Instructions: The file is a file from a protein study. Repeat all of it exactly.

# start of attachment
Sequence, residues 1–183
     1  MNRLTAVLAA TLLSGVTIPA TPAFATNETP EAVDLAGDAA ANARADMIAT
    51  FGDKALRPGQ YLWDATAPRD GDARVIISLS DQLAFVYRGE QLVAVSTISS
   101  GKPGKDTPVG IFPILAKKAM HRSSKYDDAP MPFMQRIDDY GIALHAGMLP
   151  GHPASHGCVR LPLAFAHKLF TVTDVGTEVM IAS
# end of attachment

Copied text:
Sequence, residues 1–183
     1  MNRLTAVLAA TLLSGVTIPA TPAFATNETP EAVDLAGDAA ANARADMIAT
    51  FGDKALRPGQ YLWDATAPRD GDARVIISLS DQLAFVYRGE QLVAVSTISS
   101  GKPGKDTPVG IFPILAKKAM HRSSKYDDAP MPFMQRIDDY GIALHAGMLP
   151  GHPASHGCVR LPLAFAHKLF TVTDVGTEVM IAS